We must not equate assessment to testing. Assessment is an ongoing process. It is indeed the way we do business–constantly monitoring student development and the outcomes of our educational activity.
Formative assessments offer multiple benefits, but the number and variety of assessments can be overwhelming. Assessment strategies vary in their effect on learning, so to gain the most from them, it is important to focus primarily on those that directly improve student achievement ( Marshall, 2016 p. 104).
Formative: activities that assess and provide feedback during the learning process
Summative: using grades (or data) to demonstrate learner growth after instruction
How do we understand what students have learned without giving them all too common and monotonous assessment strategies?
Don’t get me wrong, I have used these all to common assessments from time to time (it takes effort to think creatively), but how do we get students to make solid connections to learning without losing them in the process?
Don’t worry–just understand that creativity within structuring meaningful assessments takes time and practice; be patient with the process.
Self-reflection should be first in the process of determining effective and creative ways to informally assess students. Whether your formative assessments are in the form of visual models, verbal/written summaries, peer activities, self-assessments, lists, charts, or graphic organizers– formative assessments should ultimately require students to make connections, derive personal meaning from learning experiences, become more aware of their own strengths and weaknesses, take responsibility in their learning, demonstrate their ability to make decisions, clarify processes, and help solve problems.
To begin, start by answering these questions:
This nine week’s I am overcoming the difficult task of teaching Shakespeare to my 9th graders. This is always a stressful time of year for me–especially since I am teaching my students terms and concepts that have never learned before. Not only do they have to know the term, I encourage students to apply that knowledge into what we are reading–Elizabethan English!
Iambic pentameter, sonnets, soliloquy’s, monologue’s, dramatic irony, asides, and so many other dramatic terms are implemented within the last nine weeks of the first semester!
First, I provide my students with a list of items to annotate throughout each act. This stimulates students to become active readers as they must integrate the knowledge they have accrued (dramatic terms) and apply it to identify literary devices throughout the text. My students take pride in this process–it is most certainly difficult to begin with, however, they eventually love the procedure of discovering these devices as it brings deeper and more critical thinking out of reading a difficult text.
Students use colors to distinguish what they are highlighting (see below). They are also encouraged to look up specific words that they are unfamiliar with–to increase understanding of the text and its implications.
My students are also given guided practice questions to answer along with the text to help with comprehension. I typically call on students randomly to answer these questions and sometimes I provide extra scaffolding to help them work towards the correct answer– always asking them to find coordinating textual evidence to support their response.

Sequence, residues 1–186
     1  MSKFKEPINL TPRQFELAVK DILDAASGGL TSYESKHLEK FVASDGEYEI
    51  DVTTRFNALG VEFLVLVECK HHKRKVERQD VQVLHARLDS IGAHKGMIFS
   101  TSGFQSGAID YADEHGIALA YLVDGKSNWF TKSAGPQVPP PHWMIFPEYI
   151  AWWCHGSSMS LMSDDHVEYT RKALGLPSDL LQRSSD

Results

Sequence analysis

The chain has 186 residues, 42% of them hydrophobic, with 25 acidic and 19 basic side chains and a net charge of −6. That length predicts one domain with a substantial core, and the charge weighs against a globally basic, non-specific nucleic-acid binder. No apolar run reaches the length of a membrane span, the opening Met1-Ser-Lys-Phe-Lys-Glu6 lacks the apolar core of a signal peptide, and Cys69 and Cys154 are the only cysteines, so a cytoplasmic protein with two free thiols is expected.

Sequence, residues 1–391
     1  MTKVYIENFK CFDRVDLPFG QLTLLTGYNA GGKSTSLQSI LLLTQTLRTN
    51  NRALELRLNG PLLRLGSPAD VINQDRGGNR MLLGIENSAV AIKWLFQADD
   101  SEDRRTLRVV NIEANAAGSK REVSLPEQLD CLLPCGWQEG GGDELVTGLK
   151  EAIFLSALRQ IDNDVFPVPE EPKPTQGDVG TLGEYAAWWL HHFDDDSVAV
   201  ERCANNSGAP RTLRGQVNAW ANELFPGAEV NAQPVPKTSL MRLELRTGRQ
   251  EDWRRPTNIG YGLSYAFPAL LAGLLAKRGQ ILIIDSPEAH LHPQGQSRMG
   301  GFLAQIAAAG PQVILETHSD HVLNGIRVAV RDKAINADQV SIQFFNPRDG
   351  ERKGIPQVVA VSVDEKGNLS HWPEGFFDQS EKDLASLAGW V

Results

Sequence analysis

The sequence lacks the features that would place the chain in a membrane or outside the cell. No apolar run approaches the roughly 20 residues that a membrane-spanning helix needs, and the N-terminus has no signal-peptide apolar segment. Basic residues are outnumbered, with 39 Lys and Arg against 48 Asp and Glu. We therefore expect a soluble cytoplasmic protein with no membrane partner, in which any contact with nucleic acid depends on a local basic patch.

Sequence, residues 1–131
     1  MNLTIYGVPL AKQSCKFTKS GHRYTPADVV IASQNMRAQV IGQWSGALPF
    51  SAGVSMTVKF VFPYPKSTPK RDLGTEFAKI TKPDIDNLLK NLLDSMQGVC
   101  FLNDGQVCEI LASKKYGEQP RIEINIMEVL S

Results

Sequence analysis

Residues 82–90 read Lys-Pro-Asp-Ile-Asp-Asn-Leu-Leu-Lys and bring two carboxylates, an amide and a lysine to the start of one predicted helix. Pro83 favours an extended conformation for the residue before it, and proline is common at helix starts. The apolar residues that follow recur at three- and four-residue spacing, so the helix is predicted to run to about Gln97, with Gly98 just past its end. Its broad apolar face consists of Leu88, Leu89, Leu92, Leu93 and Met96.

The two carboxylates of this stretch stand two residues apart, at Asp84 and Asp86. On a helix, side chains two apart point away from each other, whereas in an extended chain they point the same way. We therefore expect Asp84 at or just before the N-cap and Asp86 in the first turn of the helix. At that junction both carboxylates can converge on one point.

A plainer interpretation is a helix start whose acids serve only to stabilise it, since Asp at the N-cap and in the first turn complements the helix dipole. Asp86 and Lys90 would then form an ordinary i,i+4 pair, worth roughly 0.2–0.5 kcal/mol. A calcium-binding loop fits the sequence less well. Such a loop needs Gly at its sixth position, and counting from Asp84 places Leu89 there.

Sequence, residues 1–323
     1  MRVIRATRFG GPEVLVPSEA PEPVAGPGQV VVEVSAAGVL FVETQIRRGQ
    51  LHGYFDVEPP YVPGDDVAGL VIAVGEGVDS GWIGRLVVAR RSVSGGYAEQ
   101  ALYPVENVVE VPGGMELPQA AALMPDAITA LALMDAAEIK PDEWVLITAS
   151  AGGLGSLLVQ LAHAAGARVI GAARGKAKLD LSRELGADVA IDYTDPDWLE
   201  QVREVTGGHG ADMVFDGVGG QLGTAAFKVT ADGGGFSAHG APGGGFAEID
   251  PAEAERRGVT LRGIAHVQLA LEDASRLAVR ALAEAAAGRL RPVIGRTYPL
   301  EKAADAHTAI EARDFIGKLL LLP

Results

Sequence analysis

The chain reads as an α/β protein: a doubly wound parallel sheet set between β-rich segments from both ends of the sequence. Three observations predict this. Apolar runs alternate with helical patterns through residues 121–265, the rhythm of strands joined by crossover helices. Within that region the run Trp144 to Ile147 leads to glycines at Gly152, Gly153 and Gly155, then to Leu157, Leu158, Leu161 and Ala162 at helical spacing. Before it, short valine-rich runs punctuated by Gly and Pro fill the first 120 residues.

Once the each act is read, I use SPIRAL–a collaborative suite of tools for the classroom as a formative assessment measure. Spiral is used as a measurable tool in various ways:
I love using Spiral after reading– as it allows my students to become excited to share their knowledge about what they have learned throughout each act. This forum allows my students to use their creativity (through technology), while sharing their knowledge of the content. If at any point there are questions or concepts that are being missed by my students, I cover any part of the instruction that students need readdressed. I can also determine which students are mastering the content, which helps for grouping students according to their mastery levels (for any group work activity). My ultimate goal in using formative assessments from Spiral is to figure out where my students are with understanding the content.
Creating an environment in which students are excited to display their knowledge is extremely powerful. Aside from student enthusiasm, formative assessment forums like Spiral, gives teachers the knowledge and capability to determine and improve student achievement. “Once students acknowledge what they know and don’t know, they become more engaged, question more, and study harder” (Marshall, 2016 p. 105).
Whether using formative assessment forums such as Spiral or through other creative alternatives, it is beneficial for teachers to provide an opportunity for students to think about their learning metacognitively. Provide moments to motivate your students and grant them with occasions at the end of your instruction that allows them to explore and debrief what was taught.
Ultimately, knowing forums like Spiral, and becoming confident by implementing creative ways to use formative assessment, gives me the assurance to share my knowledge with other teachers around me.
I have had the blessing of having great instructional coaches in my teaching experience, and I can only hope I can provide other teachers with the same helpful and effective resources that were given to me.
Until next time,
Marhsall, J. C. (2016). The highly effective teacher: 7 classroom-tested practices that foster student success. Alexandria, VA: ASCD.